Healthy Skin at Any Age
Aging and acne breakouts are two of the most challenging skin issues people can experience, but it’s possible to manage them with expert advice and consistent care, professionals say. No matter how old you are, it’s a good idea to start thinking about products and guidelines that can make a real difference. A knowledgeable skin care professional can address your unique needs and help you achieve healthy, fresh-looking skin.
skin care at different stages
Carol Anderson, R.N., CANS, owner of Nouveau Medspa, says there are several skin care rules that apply at any age. They include daily sunscreen, a gentle cleanser, proper sleep, regular exercise, complete nutrition and good hydration. But there also are guidelines you can follow at different ages to improve the look and feel of your skin.
“People in their 20s and 30s still may experience breakouts, so they should look for products with glycolic, salicylic or lactic acid,” Anderson advises. “Lactic acid is especially gentle and specific to preventing blemishes.” She says a 20-minute homemade facial mask of whipping cream and raw honey can help soothe breakout-prone skin. “The cream contains lactic acid, and honey is a natural antimicrobial and anti-inflammatory,” she notes.
In your 40s and 50s, skin tends to produce less collagen, so you may begin to see fine lines and loss of volume, Anderson says. Injectable fillers can help, but it’s important to ensure skin is in healthy condition first. “Your skin probably is thinning and drying at this point,” she says. “Treatments like microneedling with Sculptra (an injectable cosmetic filler) or platelet-rich plasma can return skin to a healthier thickness. They also can improve elasticity and correct fine lines and other surface issues.”
In your 60s and beyond, Anderson says you should continue to use treatments that are gentle to thinning skin. “At age 30, your skin cells turn over on their own every 30 days,” she says. “In your 40s, it’s every 40 days, and so on. In your 60s, you need skin care products and treatments that encourage cell turnover. Also, if you follow a healthy lifestyle, your skin will respond. The more active you are, the more tissues like skin, hair and nails will renew themselves. If you behave youthfully, your skin will look more youthful.”
taking control of acne
SLUCare dermatologist Dr. Mallory Abate says acne can be a frustrating problem, but there are ways of treating it and lessening its effects. “Acne occurs when there is too much sebum or oil buildup on the skin, leading to bacterial growth and inflammation,” she says. “Two types are common—adolescent acne that usually responds to topical treatments and oral antibiotics, and hormonal acne that can occur in women from their 20s through their 50s.” Teenage acne appears as whiteheads and blackheads in the T-zone area of the face, and hormonal acne usually produces bumps under the skin on the chin, jawline and sides of the face, she says.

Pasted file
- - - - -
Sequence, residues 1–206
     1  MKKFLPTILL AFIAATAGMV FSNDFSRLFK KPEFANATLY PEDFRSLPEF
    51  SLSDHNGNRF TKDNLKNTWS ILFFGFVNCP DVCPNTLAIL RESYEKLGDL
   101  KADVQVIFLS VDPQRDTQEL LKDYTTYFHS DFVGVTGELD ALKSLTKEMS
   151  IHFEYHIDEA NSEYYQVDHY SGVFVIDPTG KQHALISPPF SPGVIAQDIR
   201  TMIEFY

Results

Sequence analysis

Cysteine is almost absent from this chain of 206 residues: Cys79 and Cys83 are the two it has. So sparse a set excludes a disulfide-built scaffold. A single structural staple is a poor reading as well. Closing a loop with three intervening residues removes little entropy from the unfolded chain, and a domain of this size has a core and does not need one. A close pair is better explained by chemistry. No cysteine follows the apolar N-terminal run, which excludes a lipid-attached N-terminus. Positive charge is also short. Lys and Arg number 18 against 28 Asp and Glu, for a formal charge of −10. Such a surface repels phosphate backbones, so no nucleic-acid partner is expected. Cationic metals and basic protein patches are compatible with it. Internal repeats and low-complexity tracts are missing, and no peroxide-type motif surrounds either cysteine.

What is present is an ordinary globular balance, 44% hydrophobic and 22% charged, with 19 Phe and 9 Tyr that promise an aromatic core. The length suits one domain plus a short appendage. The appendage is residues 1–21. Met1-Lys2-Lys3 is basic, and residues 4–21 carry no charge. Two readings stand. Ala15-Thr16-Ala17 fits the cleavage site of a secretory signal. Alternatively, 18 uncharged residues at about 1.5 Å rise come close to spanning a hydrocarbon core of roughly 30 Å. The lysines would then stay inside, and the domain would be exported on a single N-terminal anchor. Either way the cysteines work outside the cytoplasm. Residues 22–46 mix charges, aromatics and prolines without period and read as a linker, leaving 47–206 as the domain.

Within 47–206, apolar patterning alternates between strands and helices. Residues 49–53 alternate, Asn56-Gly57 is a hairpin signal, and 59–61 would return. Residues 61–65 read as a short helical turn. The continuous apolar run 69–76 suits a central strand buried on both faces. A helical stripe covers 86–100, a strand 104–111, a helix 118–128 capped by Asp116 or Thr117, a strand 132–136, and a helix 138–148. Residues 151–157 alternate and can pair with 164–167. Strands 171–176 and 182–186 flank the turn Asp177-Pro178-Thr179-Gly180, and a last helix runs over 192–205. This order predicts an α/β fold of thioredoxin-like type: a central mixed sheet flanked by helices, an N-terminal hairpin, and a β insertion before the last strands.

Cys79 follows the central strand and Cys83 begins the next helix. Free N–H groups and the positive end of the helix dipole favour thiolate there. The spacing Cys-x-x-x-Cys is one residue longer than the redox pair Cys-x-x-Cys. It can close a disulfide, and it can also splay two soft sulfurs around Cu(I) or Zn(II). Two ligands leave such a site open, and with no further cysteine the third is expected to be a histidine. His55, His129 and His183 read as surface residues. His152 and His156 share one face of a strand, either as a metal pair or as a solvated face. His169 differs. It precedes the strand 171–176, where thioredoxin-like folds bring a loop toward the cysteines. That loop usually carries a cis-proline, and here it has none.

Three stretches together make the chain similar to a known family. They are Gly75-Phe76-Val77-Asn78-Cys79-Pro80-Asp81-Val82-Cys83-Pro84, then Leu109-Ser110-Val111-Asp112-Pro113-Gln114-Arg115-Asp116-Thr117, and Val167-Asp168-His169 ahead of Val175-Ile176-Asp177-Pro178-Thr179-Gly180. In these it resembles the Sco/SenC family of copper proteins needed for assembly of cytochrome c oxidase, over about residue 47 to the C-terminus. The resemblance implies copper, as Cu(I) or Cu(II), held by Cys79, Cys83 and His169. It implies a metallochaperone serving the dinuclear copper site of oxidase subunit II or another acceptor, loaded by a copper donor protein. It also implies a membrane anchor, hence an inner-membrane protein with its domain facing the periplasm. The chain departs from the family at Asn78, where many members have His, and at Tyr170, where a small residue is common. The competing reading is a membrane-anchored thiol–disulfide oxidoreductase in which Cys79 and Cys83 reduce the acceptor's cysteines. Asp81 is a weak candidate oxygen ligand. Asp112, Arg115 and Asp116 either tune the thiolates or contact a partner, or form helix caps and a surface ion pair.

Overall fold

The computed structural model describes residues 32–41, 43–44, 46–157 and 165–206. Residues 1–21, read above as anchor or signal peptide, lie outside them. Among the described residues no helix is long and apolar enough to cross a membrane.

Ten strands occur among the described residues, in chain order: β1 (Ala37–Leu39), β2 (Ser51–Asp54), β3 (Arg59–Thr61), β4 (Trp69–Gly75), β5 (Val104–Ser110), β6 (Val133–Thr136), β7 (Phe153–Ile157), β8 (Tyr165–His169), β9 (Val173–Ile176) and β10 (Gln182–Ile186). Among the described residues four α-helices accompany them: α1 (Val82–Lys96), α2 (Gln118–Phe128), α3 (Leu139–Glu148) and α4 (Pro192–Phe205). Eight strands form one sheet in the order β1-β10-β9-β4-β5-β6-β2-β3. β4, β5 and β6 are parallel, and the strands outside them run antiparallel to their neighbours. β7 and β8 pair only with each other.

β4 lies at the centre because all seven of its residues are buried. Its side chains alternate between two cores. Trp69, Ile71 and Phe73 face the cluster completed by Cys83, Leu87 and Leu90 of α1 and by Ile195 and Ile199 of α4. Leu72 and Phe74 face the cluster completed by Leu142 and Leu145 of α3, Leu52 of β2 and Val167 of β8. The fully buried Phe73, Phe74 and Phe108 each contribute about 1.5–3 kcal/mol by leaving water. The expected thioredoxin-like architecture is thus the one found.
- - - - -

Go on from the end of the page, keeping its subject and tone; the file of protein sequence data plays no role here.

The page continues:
Abate says treatment for adolescent acne may include a topical retinoid, a benzoyl peroxide preparation and an oral antibiotic like doxycycline. Home care should include gentle cleansing twice a day with a product like CeraVe or Cetaphil. “Adolescent acne can occur on the chest or back as well, making it more difficult to reach and treat,” she says. “It can be made worse by sweating during exercise and friction from clothing and sports bras. In these cases, I often prescribe a topical regimen, including a retinoid foam and a benzoyl peroxide wash.”
For hormonal acne in women, the drug spironolactone may be prescribed in tablet form. “The goal is to reduce sebum production by the skin,” Abate says. “Hormonal acne may get worse during pregnancy, particularly in the first or second trimester, and it may improve on its own or flare after delivery when there is a major hormone shift.” She adds that some progesterone-only contraceptives can contribute to hormonal acne as well.
“We take the treatment of acne very seriously, especially in teens,” Abate says. “It can have a huge impact on self-esteem and confidence at any age. For the patient’s best interests, acne should be treated aggressively. If it is persistent or severe, we may prescribe another medication called isotretinoin that targets the skin’s sebaceous glands to reduce sebum production.”
What NOT to do when you have acne
- Switch back and forth between treatments. This can cause irritation; instead, give a new acne product 6 to 8 weeks to work, and see if there is improvement.
- Squeeze or pop blemishes. The pressure may push pus, dead skin cells and bacteria deeper into your skin and increase inflammation. It also can contribute to scarring of the skin.
- Apply acne medication only on blemishes. This approach won’t help you prevent new breakouts. Apply a thin layer of the medication evenly over your problem areas.
- Use makeup that isn’t pore-friendly. Look instead for products that say ‘non-comedogenic’ or ‘won’t clog pores.’
- Share makeup and applicators. Doing this can transfer another person’s bacteria, oil and dead skin cells onto your skin.
- Sleep with makeup on. Remove it before bedtime to reduce the likelihood of clogged pores.
- Wash your face more than twice a day. Too much washing or scrubbing can further irritate skin and cause it to produce even more oil.
- Dry out your skin. Don’t overuse astringents. If your skin feels dry, apply a moisturizer formulated for acne-prone skin.
- Avoid or delay treatment. The longer you leave acne untreated, the more likely you are to develop scarring.
Source: American Academy of Dermatology